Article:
Problem #3: plan time

It’s evident that many issues that make teaching difficult are about time. There may be no greater loss of time than during teachers’ planning periods. Most teachers are fortunate to have time built into their school day for planning activities, conferencing with parents and evaluating learning. Although most teachers would say they’d like to have more time during the school day, many also complain that plan time is lost, due to unnecessary interruptions. Often, these interruptions consist of colleagues barging in just to talk, the phone ringing, or students dropping in to say hello. While personal interaction is important, these casual interruptions can eliminate much of this crucial prep time.

Fix: designate a teacher quiet zone or hideaway for uninterrupted work

While “hideaway” may have negative connotations, the idea is sound and perfectly acceptable. Sure, some school principals will point to existing faculty work rooms as a refuge from interruption, but teachers know this is rarely the case. Most work rooms are noisy and ill-equipped to provide what teachers need. Few come with comfortable seating, ample space and the technology teachers need to work efficiently. So, why not create this space? Be transparent about the room. If it looks like a secret hideaway, students are likely to spread rumors about what happens there. Tell them and parents you’re helping teachers become more efficient. Follow these simple steps:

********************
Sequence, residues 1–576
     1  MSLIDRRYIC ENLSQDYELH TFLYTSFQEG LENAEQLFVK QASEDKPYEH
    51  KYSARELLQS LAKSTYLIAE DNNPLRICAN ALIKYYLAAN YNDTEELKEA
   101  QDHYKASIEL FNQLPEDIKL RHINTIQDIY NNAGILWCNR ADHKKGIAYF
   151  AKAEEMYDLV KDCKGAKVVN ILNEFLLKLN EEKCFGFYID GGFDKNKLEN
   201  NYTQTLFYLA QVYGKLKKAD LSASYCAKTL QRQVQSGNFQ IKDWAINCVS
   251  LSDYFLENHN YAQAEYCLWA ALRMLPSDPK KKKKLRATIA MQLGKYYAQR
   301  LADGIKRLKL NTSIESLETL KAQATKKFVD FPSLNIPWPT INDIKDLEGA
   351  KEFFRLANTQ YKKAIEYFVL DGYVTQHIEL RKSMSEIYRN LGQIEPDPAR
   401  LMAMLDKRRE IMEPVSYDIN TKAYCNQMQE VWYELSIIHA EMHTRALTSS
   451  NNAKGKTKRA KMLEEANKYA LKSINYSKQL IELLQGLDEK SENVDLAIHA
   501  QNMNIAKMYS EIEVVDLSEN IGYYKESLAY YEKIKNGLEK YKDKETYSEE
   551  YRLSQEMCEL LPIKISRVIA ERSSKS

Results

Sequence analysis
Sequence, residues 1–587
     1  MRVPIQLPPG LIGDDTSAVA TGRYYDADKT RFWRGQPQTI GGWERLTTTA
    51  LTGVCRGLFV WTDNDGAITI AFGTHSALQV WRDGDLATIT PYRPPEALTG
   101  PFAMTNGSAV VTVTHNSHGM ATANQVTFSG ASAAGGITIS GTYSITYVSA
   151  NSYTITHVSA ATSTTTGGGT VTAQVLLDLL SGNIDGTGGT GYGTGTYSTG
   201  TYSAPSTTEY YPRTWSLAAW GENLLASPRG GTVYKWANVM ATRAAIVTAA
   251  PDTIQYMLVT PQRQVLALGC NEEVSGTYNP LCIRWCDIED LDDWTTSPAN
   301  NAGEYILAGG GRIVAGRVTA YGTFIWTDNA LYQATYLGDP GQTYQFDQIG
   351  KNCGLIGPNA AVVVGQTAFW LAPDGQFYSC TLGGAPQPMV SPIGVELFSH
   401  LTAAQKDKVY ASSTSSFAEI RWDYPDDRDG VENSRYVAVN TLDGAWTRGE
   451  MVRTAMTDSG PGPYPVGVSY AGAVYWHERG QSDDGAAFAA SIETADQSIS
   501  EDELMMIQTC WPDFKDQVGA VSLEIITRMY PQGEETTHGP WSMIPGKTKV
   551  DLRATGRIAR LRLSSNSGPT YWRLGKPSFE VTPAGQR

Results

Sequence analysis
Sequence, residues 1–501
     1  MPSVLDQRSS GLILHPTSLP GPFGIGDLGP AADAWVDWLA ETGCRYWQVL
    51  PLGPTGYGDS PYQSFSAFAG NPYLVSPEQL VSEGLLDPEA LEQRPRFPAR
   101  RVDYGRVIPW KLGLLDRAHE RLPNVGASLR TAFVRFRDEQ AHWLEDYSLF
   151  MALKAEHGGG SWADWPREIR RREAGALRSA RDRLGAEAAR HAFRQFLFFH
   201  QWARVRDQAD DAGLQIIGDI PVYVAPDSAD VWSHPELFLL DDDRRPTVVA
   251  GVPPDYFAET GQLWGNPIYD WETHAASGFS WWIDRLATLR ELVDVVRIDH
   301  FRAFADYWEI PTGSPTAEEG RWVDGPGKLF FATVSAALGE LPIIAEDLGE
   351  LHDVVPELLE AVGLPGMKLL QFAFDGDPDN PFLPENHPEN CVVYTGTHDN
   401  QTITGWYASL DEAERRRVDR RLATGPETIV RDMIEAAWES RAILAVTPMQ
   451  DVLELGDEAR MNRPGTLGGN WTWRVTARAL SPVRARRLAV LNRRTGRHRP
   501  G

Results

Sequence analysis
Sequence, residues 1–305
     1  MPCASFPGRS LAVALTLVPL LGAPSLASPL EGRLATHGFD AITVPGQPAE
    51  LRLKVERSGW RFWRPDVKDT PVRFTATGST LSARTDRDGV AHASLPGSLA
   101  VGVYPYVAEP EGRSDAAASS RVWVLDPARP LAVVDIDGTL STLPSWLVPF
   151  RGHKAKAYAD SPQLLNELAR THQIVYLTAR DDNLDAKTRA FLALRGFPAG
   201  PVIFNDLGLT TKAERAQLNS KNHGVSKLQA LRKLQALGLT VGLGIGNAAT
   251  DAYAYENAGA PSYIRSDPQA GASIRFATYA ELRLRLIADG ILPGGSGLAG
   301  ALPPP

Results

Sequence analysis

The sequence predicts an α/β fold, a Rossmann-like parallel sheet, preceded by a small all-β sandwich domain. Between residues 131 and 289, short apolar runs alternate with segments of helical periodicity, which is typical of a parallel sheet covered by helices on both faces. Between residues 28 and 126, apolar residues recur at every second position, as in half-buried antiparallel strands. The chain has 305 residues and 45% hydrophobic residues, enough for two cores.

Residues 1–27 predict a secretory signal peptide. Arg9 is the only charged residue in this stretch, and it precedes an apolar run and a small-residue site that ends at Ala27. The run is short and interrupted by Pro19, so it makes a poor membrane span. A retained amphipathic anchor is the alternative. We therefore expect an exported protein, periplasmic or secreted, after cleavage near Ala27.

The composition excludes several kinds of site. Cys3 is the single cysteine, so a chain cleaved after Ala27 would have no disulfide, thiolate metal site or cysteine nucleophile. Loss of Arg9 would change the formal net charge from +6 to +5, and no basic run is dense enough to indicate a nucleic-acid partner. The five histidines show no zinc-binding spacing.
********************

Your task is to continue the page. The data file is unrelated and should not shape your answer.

1. Convert a room to a teacher Quiet Zone, complete with everything teachers need during planning time.
  2. Put comfortable tables and chairs in the room.
  3. Designate the room as a quiet room–absolutely no talking.
  4. No phones allowed. Personal device use is acceptable, as long as it’s quiet.
  5. Teachers should name the room something appropriate that all staff and students recognize.
  6. Don’t forget transparency.

Note: the quiet zone idea may belie the title of this post. If a room like this can’t be created today, some plan time guidelines can be implemented that capture the underlying theme of the quiet zone–uninterrupted teacher plan time. If school principals create an attitude that teacher plan time is sacrosanct, using some of the rules for the quiet zone, plan time might become more valuable today.

While there are many problems teachers face that aren’t mentioned here, these three can be solved today, with some shockingly simple fixes.

So, what are you going to fix tomorrow?

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Mark Barnes is the author of many education books, including Bestseller Hacking Education, part of his Hack Learning Series, books that solve big problems with simple ideas. Barnes presents internationally on assessment, connected education, and student-centered learning. Join more than 100,000 interested educators who follow @markbarnes19 on Twitter.